Monday, May 9, 2011

Most Forgotten Cult Films

What is it that turns a film into a cult classic?  Usually the film is of limited appeal, or dealing with a controversial subject.  Cult films are mostly smaller budgeted affairs, or films featuring actors in lesser known roles.  What usually sets the cult film apart from other celluloid ventures, however, is that it is god awful.  Here is a list of some of the lesser known cult favorites:

This is the grand daddy of them all.  A favorite of the weekend midnight movie set.  This film brings out audience members dressed as their favorite Jay Ward animated character.  Though most imitate the lead character of Bullwinkle J. Moose, as well as countless femme fatales posing as Natasha, quite often a Dudley Do-Right, Mr. Peabody or Wrongway Peachfuzz appears at these gatherings.  This reviewer was complimented on his Sherman costume.  I was wasn't wearing any.

Many consider this film the worst ever made, but I profess a secret love for the movie.  Directed in 1956 by furniture transvestite Edward D. Drapes (who often appeared on the set decked out as a Danish modern coffee table), this is the last film to ever feature famed vampire actor Bela Lumbago.  Lumbago died during the making of the film, or so everyone thought.  Actually, he ran off to Tustin with his secretary Mona, in an attempt to cure himself from his fromage fix, a deadly addiction to cheese aged long enough to smell like gym towels.  Scenes with Lumbago early in the film do not match with later ones, partially because director Drapes curiously replaced the actor with a standing three-way lamp fixture, a move never explained to this day.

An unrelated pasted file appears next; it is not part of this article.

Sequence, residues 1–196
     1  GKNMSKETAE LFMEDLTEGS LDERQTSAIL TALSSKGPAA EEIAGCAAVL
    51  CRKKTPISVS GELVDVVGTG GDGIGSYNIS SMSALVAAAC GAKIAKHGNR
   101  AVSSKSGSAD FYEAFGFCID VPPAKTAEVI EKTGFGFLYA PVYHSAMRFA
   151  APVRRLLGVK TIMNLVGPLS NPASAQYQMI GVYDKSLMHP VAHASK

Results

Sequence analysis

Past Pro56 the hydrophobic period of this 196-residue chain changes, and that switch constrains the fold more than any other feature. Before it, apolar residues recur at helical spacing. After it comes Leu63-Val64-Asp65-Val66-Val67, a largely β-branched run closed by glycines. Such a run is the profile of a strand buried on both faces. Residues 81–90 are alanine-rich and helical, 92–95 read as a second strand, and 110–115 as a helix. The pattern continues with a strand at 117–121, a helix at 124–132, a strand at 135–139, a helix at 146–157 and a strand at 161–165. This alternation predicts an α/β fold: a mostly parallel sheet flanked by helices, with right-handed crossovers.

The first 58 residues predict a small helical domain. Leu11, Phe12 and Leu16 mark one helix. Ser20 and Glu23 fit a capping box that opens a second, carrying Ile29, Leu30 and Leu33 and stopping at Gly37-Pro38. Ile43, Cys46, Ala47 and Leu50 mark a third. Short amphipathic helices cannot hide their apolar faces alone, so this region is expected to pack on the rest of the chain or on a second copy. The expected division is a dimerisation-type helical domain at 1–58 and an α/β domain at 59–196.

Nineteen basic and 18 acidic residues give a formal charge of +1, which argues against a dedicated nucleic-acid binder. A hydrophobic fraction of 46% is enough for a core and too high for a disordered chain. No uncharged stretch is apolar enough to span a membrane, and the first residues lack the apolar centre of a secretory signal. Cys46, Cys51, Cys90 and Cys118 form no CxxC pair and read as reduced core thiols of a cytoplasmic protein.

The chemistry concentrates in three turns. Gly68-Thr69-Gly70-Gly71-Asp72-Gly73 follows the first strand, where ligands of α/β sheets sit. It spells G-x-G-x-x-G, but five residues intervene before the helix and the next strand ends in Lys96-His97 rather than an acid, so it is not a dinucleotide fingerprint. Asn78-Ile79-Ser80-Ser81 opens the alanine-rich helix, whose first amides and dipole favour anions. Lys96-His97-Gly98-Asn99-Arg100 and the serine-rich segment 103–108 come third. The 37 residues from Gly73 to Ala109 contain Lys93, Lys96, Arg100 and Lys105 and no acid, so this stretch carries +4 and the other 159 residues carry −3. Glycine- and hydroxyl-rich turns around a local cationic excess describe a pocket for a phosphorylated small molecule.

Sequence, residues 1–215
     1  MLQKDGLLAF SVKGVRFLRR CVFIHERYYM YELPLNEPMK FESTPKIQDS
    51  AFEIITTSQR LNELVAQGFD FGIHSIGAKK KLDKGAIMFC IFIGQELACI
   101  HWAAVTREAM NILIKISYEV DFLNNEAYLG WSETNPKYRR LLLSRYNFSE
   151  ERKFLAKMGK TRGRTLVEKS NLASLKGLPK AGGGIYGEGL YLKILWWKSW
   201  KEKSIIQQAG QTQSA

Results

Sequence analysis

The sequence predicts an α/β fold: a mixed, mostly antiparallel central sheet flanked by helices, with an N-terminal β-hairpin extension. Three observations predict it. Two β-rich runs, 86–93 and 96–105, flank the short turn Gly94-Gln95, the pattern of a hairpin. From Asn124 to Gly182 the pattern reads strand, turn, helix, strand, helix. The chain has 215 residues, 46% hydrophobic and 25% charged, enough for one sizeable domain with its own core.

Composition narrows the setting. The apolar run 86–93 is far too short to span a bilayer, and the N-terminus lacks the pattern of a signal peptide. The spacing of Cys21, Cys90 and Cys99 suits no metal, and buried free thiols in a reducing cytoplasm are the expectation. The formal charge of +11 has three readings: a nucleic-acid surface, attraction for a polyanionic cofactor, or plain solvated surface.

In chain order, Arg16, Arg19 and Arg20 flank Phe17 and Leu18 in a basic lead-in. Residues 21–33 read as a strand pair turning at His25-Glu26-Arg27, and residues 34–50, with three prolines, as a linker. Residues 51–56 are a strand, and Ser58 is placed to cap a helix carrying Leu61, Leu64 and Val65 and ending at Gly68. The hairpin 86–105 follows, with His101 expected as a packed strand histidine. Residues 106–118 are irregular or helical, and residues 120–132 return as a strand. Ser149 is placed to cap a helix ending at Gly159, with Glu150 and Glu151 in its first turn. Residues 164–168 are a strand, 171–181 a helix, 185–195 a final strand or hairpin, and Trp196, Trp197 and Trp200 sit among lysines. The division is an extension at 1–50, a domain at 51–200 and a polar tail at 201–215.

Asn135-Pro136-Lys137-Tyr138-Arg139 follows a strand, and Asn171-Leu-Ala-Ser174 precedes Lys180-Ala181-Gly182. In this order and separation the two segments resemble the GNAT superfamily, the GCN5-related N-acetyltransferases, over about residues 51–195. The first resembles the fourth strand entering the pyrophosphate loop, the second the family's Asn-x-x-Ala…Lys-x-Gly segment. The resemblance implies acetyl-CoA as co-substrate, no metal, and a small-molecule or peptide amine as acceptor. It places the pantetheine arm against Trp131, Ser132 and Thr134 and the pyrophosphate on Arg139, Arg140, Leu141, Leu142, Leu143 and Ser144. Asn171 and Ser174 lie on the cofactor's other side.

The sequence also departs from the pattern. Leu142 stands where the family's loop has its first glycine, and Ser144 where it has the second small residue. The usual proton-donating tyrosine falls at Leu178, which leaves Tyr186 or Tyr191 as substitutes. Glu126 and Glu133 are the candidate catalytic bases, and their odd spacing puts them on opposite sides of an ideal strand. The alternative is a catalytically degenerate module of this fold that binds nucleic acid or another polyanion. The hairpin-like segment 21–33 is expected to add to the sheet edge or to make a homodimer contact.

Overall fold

The plot of this film deals with outer space beings attempting to take over the world by raising dead condoms.  Not a pretty sight.  The film is intercut with quack fortune teller Kitschkin intoning doomlike lines such as "Who can say for sure that beings from another world may not attempt a world takeover bid by controlling douchefoam?"  My favorite line in the film, however, is when space guy, Mister I.U.D. says to the captured earthmen, "All you of earth are seriously bogus!"  Truly of what a cult film should be made.